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The latest issue of the Journal of Civil Litigation and Practice (Volume 2 Part 4) contains the following material:
- New careers and striking out
- Experts and ultimate issues
- Abandonment of contract
- Whitney v Dream Developments Pty Ltd  NSWCA 188
This article sets out the background to the Evidence Act 1995 (Cth) and the goals of its founders. It summarises some of the evidentiary of evidence-related topics those Acts do not deal with, and describes fields of evidence law dealt with in other statutes. It notes numerous differences between the Acts, before examining the question whether that Act, and the other Acts substantially modelled on it, are codes. It analyses various statutory pointers indicating codification and various other statutory factors to the contrary. It considers how the courts are to construe provisions in the Acts that raise doubts as to whether they preserve the pre-existing law or slightly modify it. Finally, it considers how far the cases on the pre-existing law survive and how far they will have an influence on the construction of the Acts.
Dealing with querulous litigants – part two – Judge Roderick Joyce QC and William Fotherby
In part one of this series (see (2012) 1 JCivLP 66), the authors addressed how players within the justice system might best approach the growing number of querulous litigants – ie those who litigate fervently the same action, or variations on that theme, to all possible levels and in all possible fora. That discussion took place broadly within civil procedural rules as they presently stand. To end, the article promised a follow-up suggesting procedural reform to help address this issue. Below, the authors propose reform in the areas of vexatious litigant statutes, registry discretion, fee waiver, costs, referral to mediation, and suggest that recourse to litigation guardian rules will be inappropriate in nearly all cases.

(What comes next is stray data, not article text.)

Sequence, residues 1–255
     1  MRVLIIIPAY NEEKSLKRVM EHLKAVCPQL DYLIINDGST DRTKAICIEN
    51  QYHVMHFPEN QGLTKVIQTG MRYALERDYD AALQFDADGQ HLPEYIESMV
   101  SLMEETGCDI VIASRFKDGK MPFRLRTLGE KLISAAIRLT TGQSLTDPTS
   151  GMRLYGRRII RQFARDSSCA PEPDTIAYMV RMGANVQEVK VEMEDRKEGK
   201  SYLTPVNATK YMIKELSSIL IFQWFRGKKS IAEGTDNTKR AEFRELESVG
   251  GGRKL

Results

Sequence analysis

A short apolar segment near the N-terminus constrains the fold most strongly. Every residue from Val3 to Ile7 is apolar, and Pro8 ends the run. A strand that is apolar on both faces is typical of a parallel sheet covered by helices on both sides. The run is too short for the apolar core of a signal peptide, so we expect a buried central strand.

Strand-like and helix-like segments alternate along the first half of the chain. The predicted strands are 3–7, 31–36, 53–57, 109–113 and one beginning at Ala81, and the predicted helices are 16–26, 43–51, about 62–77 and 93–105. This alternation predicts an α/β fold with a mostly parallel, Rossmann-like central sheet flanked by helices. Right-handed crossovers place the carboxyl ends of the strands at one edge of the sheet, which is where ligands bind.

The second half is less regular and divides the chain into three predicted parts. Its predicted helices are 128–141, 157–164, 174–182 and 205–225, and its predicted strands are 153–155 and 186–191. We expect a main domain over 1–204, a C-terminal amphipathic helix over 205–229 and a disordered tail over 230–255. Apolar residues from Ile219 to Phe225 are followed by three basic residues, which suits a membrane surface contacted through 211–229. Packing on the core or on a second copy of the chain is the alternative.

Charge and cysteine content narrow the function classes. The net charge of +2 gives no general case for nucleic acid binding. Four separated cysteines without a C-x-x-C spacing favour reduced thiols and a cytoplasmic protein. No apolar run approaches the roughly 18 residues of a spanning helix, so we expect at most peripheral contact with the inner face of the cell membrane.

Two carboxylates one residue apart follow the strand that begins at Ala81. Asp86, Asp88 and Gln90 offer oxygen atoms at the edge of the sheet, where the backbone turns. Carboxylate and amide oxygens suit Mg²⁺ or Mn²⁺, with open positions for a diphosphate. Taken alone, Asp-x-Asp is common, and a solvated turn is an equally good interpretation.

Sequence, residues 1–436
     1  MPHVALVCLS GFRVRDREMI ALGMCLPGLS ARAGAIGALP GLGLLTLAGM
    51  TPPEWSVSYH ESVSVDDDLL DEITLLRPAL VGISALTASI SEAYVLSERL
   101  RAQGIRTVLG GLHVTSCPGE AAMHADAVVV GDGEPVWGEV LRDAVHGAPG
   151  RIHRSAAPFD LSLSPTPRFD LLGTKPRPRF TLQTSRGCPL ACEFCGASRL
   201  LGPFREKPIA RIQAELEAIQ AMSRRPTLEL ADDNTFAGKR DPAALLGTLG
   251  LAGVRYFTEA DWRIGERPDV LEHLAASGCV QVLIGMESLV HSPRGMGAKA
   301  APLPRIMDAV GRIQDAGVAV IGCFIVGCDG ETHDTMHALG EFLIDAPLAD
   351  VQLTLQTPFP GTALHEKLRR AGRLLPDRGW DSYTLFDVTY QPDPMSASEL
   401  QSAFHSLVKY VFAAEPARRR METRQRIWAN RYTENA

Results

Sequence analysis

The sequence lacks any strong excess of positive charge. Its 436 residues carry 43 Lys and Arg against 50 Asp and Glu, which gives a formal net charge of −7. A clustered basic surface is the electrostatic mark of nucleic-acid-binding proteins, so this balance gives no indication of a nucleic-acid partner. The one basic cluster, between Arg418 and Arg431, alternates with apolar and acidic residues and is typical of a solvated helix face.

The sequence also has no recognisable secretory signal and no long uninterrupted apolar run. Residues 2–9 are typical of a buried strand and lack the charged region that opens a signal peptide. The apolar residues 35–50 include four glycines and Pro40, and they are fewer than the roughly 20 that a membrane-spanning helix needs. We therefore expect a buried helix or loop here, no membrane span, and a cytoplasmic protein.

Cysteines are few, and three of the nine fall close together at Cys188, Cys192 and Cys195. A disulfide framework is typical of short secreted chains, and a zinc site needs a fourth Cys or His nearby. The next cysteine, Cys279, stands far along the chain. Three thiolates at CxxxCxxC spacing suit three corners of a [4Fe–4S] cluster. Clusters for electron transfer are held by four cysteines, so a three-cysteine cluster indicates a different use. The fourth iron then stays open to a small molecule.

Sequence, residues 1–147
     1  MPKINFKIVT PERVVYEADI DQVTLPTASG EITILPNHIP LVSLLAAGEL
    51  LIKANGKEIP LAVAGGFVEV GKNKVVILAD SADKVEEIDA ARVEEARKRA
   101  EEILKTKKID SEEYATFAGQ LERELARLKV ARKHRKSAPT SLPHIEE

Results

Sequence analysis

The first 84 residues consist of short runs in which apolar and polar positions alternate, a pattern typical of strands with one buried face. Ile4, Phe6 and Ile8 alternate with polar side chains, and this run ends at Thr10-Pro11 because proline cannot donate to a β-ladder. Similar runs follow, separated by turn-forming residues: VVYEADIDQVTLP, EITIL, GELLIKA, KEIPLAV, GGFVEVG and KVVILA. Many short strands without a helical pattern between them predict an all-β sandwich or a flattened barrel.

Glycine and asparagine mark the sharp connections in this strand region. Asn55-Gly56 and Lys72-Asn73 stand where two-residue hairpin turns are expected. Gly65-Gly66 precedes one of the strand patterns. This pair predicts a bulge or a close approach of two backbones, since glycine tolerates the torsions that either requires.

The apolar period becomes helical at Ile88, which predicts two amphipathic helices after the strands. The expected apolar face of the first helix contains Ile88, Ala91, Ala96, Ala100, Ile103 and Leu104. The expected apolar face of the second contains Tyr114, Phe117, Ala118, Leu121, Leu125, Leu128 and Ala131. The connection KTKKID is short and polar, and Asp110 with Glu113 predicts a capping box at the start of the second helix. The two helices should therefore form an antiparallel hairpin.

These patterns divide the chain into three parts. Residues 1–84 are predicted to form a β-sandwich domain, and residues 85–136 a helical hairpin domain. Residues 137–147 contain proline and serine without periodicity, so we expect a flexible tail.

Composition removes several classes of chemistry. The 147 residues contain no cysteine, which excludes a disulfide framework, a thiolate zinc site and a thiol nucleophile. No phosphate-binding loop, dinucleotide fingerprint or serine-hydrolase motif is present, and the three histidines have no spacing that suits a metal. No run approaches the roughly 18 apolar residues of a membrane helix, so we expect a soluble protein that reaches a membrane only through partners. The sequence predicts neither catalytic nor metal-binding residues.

Until recently, there was no formal regulatory scheme for litigation funders in Australia. In July 2013, Regulations were introduced to require funders to have “adequate practices” for managing any conflicts of interest that might arise in litigation they fund. Non-compliance attracts criminal sanctions and may invalidate funding agreements. The Regulations have been augmented with a detailed Regulatory Guide published by the Australian Securities and Investments Commission and represent the first national scheme to (at least partially) regulate litigation funding. The article discusses the new conflicts management regime and argues that it will improve funders’ practices, to the advantage of consumers of litigation funding. The Regulations also apply to entities that lawyers might establish to fund litigation in which they act, although the appropriateness of them doing so is currently being considered by the Federal Court. However, the Regulations are unlikely to be the last word in regulation with continued calls for mandatory licensing and prudential supervision of funders.
Section 63 of the Civil Procedure Act 2010 (Vic): A new test for summary judgment? – Peter Booth and Eleanor Madden
Section 63 of the Civil Procedure Act 2010 (Vic) introduced a new test for summary judgment, namely “no real prospect of success”. The Court of Appeal has recently considered s 63. The decision provides some principles for its application and states that the test is liberalised from the common law. However, the court does raise some questions as to whether the statutory test is any different in practical application.
For the pdf version of the table of contents, click here: WAU – JCivLP Vol 2 Pt 4 Contents.